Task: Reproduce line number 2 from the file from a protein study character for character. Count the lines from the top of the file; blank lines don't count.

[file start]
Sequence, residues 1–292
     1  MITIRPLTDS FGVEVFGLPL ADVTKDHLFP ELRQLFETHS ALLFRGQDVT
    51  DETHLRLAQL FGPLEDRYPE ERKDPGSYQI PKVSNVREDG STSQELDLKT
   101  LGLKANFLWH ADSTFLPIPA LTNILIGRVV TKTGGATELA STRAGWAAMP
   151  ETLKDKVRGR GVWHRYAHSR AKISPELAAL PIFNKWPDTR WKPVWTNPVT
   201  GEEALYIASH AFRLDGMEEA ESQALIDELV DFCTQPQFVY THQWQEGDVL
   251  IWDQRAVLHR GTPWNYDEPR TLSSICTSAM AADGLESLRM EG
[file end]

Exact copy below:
     1  MITIRPLTDS FGVEVFGLPL ADVTKDHLFP ELRQLFETHS ALLFRGQDVT